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Information Security Training Master Class: Winning the Battle Against Data Breaches, Malicious and Negligent Employees, and Natural Disasters

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Information Security Training Master Class: Winning the Battle Against Data Breaches, Malicious and Negligent Employees, and Natural Disasters

Part 1: The Basics

Disclaimer: I am a crazy person. I read over 50 articles before I wrote this (WHO DOES THAT) and I’m not even sure how I got so sucked in. In short, information security is a big deal right now – and there are tons of ways to combat cybersecurity, risks. Tons. Bad news for my eyeballs, but good news for you, because it means that there are so many ways to protect your organization. Trust me – if you don’t find one new piece of advice in here, I will be very surprised – and sad.

Earlier this semester I had an amazing IT class on information security. I’m going to go ahead and give a shout out to my IT professor Dave Chatterjee, because I’m about to shamelessly plunder the information from his class for this post, in addition to all the articles I mentioned above.

First, some stats.

Startling Statistics: Information Security and Data Breaches

From research by Professor Chatterjee:

  • 60% of all attacks are caused or aided by disgruntled employees
  • 90% of companies will experience some sort of a data breach this year

From Time Magazine:

  • New York institutions alone faced 900 data breaches last year, costing a reported $1.37 billion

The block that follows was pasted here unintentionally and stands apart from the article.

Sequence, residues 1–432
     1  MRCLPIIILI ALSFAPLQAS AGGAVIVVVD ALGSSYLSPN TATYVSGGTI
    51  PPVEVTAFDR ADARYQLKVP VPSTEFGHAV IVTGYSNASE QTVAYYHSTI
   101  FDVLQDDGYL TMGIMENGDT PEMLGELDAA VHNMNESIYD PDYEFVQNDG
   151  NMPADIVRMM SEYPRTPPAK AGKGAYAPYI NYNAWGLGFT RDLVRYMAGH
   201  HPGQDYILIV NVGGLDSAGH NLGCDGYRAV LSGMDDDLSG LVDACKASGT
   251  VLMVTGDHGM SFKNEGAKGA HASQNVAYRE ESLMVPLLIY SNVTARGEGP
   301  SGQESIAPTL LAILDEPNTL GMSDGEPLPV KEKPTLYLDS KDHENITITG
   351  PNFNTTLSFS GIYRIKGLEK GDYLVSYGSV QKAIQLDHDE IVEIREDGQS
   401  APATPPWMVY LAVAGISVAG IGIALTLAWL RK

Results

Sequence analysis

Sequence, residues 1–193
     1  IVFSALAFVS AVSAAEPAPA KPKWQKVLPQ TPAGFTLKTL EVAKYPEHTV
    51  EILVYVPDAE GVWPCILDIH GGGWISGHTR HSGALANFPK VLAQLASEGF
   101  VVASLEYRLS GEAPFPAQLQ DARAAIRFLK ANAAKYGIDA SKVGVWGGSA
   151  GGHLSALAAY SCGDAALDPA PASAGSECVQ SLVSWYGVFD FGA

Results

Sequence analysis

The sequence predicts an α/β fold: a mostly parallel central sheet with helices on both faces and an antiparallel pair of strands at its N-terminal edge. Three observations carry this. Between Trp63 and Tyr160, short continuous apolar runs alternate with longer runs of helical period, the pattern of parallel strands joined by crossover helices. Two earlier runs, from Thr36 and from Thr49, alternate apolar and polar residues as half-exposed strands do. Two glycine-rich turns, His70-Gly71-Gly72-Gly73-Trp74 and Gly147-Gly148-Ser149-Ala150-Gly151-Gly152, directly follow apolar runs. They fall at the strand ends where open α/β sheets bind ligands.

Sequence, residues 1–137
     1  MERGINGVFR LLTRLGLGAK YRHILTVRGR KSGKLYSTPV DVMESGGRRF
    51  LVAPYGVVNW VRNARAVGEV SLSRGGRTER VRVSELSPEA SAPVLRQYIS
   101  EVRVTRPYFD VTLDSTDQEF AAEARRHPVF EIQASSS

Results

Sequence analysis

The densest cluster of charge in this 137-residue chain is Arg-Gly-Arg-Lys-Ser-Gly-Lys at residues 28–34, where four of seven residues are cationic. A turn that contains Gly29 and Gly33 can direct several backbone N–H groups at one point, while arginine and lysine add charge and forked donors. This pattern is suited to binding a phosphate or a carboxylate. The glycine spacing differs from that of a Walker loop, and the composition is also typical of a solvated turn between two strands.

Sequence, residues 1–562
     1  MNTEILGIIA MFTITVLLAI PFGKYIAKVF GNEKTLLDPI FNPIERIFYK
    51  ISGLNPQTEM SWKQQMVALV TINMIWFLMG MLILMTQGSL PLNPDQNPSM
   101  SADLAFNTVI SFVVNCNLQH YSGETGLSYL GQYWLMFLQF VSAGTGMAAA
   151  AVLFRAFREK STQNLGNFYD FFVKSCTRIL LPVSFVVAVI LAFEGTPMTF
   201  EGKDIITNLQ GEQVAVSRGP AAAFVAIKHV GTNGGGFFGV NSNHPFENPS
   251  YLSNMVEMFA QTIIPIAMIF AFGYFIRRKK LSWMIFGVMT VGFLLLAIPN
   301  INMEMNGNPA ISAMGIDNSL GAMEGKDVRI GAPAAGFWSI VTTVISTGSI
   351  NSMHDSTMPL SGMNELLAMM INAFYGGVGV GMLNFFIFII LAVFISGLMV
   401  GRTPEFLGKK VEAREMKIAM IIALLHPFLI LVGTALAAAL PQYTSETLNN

• One-third of New Yorkers were data breach victims in 2013

Highlights from the 2014 OTA Breach Report:

  • 89% of breaches and data loss incidents could have been prevented
  • 740 million records disclosed
  • 31% of incidents were due to insider threats or mistakes
  • 21% of the incidents were the result of physical loss (PC, drive, notebooks, paper documents..)
  • 40% of the top breaches recorded to-date occurred in 2013
  • 76% of breaches were the result of weak or stolen account credentials

You have to admit, the class was timely. With P.F. Chang’s recently reported data breach, not to mention last year’s high-profile data breaches at Living Social, Target, Neiman Marcus, Michael’s stores, and now potentially Home Depot, information security is a hot topic. Time even wrote a cover story on it – “World War Zero: How Hackers Fight to Steal Your Secrets.”

What should be an even hotter topic is that businesses don’t get hacked more often, considering the sheer volume of attacks they face. Or perhaps they do get hacked more often, and they just don’t know about it. Last year, 3,000 companies didn’t even know they’d been attacked until the government informed them of their victim status.

That’s pretty terrifying from a personal information security standpoint – I would hope the companies harboring my personal information would at least be aware if their information, and therefore my information, was compromised.

According to Vice, 2013 was the worst year for data breaches. They may be speaking from personal experience – they were hacked just a few weeks ago, and in November of 2013 they were reportedly hacked by the Syrian Electronic Army. (To their credit, Vice seems to be taking their own advice: they were well prepared for the attack, passwords were encrypted, making them virtually useless for the hackers, and the vulnerability was patched almost immediately.)